Release Date: May 17, 2004
|New Carbon Drill Pipe Signals Technical Achievement
Technology May Benefit American Energy Production
WASHINGTON, DC -- The Department of Energy (DOE) announced today the development of a new "composite" drill pipe that is lighter, stronger and more flexible than steel, which could significantly alter the ability to drain substantially more oil and gas from rock than traditional vertical wells.
"This is another example of the technology breakthroughs in the arena of domestic energy production being carried out by our Office of Fossil Energy," said Secretary of Energy Spencer Abraham. "To reach and recover untapped domestic oil and gas reserves, we must have the ability to inexpensively drill highly deviated or horizontal holes."
Developed under a four-year, $3.6 million cooperative agreement managed by DOE's National Energy Technology Laboratory, the new drill pipe - made from carbon fiber resins - could be the next major technical achievement emerging from the government-industry natural gas research program. Lighter, stronger, and more flexible than steel, the pipe could significantly benefit energy production in the United States.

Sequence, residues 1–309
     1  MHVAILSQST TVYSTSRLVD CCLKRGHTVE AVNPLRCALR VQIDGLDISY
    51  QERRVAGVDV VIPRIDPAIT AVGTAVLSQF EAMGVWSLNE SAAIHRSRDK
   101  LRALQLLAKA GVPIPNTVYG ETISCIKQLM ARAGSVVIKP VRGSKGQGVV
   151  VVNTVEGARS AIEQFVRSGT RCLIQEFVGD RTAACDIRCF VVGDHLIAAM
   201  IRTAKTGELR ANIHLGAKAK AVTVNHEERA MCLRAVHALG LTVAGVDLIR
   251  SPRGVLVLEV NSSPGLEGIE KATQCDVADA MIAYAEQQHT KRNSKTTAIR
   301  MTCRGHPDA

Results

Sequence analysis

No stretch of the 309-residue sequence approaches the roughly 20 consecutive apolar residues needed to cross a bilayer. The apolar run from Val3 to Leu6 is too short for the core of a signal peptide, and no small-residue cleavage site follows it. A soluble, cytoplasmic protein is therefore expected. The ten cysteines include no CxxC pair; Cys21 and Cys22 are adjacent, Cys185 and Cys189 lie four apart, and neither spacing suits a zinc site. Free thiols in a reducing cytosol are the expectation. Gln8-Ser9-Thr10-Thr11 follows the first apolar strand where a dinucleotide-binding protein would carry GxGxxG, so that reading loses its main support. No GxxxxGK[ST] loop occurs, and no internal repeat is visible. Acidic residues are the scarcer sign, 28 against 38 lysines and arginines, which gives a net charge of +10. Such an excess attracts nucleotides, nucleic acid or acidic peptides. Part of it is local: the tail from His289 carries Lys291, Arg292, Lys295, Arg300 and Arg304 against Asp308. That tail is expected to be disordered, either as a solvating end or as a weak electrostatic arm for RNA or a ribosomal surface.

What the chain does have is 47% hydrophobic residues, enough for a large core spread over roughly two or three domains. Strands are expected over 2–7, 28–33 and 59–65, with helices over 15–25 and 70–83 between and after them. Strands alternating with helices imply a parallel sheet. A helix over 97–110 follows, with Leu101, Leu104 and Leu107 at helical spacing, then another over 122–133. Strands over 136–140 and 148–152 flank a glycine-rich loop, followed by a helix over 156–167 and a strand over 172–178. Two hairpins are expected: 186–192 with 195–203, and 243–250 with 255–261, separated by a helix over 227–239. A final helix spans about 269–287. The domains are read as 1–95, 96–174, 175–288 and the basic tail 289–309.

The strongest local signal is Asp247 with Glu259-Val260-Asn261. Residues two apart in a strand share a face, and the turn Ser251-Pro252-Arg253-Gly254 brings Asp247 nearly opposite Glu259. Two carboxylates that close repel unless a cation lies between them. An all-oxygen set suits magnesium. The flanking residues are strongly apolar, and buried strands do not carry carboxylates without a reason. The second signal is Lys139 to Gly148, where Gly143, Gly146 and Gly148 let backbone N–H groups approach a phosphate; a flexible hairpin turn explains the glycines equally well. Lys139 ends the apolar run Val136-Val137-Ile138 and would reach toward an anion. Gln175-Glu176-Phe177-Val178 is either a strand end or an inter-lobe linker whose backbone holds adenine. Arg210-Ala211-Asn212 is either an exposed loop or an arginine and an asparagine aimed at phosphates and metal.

The composite drill will be used by Integrated Directional Resources, Lafayette, La., and is the first commercial order for the device composed of carbon fiber resins. Since the composite pipe is more flexible than steel pipe, it can better withstand the stress and fatigue associated with drilling short-radius horizontal holes. It is more expensive than traditional steel pipe, but can cycle or rotate through a short radius bend for extended periods of time without suffering fatigue damage. Plus, it can be reused in multiple wells leading to a significant decrease in drilling costs.
The drill pipe has been successfully field-tested at two Oklahoma sites. Through the use of the new drill at one previously producing site, the well was drilled another 1,000 feet where it struck an oil-bearing zone. Another test allowed the composite drill to punch a 60-foot radius, 1,000-foot lateral through hard sandstone from a shallow well in a successful search for gas.
|Contact: David Anna, DOE/NETL, 412-386-4646|